My most disastrous culinary experience was my first and only attempt at making pumpkin pie. I managed to misread the recipe and used mixed spice instead of allspice! I had one spoonful of the pie and threw the rest away -- a complete waste of a pumpkin.

So as pumpkins have started to appear in the shops ready for Halloween I thought I'd have another go at making pumpkin pie. I needed 1Kg of pumpkin but when I did the shopping online I could order large or extra large with no idea of weight. So I ordered extra large to be on the safe side and ended up with a 4.5Kg pumpkin.

So not only am I determined to cook an edible pumpkin pie I'm also not going to allow 3.5Kg of pumpkin to go to waste. I'll let you know how the pie turns out and how much of the pumpkin I actually manage to use in a later post. If you need me I'll be in the kitchen, listening to music and cooking a pumpkin!

Thursday, 15 October 2009

Weird Pit Exit

This years Formula 1 championship ends in just over two weeks at the new Yas Marina Circuit in Abu Dhabi. As it's a new track no one knows exactly how the cars will perform around it but this video of Bruno Senna driving a two seater F1 car around it should give us some idea.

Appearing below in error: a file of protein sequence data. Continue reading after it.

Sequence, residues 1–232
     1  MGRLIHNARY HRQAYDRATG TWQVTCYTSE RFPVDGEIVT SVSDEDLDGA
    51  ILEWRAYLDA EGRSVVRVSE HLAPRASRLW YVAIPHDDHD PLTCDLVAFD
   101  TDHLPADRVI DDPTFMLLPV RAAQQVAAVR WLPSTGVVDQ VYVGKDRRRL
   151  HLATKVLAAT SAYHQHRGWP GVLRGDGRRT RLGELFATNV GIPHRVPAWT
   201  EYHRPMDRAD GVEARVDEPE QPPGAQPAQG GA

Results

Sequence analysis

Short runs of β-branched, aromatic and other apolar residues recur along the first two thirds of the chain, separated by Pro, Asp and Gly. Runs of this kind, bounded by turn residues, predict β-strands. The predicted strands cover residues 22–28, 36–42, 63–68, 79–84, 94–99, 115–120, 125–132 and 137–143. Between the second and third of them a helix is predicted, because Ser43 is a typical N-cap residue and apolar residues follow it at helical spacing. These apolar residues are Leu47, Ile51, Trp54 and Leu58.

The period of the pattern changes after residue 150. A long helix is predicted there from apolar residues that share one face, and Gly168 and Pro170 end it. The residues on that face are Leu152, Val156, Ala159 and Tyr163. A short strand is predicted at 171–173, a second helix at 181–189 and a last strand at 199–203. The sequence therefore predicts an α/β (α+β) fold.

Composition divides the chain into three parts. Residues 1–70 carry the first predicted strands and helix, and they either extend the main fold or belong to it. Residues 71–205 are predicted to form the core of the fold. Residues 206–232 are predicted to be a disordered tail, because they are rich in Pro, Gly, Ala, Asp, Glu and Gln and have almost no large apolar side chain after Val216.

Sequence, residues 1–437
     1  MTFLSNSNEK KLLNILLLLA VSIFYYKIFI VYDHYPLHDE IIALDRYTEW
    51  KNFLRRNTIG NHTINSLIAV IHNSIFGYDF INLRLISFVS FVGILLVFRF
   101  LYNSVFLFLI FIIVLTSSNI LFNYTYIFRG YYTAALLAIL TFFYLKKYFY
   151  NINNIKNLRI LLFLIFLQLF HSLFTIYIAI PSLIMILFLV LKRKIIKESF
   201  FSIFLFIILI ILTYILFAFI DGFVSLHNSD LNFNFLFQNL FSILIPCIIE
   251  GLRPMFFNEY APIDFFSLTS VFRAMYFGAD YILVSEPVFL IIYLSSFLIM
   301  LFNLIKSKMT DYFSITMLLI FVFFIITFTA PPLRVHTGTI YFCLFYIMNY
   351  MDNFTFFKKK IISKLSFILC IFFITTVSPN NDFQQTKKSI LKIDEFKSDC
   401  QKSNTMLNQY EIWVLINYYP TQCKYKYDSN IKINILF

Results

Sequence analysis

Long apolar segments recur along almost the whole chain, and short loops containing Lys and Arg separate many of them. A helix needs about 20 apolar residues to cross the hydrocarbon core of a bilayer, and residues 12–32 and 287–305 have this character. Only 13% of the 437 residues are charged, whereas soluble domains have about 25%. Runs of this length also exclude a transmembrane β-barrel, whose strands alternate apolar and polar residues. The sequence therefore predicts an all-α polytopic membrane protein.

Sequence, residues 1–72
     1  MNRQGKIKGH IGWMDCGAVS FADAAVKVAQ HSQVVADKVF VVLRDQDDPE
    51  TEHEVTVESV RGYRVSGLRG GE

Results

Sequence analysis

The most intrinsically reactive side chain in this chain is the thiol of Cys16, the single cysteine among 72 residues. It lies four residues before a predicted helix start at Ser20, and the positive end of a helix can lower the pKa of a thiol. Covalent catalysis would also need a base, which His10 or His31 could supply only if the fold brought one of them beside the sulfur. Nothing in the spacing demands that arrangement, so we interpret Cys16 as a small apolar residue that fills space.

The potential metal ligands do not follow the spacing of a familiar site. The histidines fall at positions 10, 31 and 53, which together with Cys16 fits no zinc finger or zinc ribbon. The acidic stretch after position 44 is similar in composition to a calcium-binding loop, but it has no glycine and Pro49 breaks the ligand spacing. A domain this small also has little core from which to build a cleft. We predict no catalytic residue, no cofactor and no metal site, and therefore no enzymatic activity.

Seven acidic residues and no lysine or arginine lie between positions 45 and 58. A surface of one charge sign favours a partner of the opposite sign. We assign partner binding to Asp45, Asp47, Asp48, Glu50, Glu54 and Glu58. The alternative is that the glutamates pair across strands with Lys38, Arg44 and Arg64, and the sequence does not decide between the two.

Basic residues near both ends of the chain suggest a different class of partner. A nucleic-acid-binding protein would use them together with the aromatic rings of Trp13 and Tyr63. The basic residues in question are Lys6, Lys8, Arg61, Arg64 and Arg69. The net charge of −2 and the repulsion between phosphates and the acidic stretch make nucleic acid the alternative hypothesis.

That has to be the longest straight in F1 and I assume the KERS cars will have fun, but isn't that the weirdest pit exit ever? Who though putting a dark tunnel in the pit lane was a good idea? Maybe it will work just fine but I can envision an accident there completely closing the pit lane and needing the race to be red flagged so that everyone doesn't run out of fuel and grip.

Thursday, 8 October 2009

Music To Cook By

As anyone who knows me will attest I'm not really a big fan of classical music. There are exceptions; the second half of the Last Night of the Proms, Grieg's Hall of the Mountain King, and I did once enjoy a whole evening of classical music. But these are exceptions.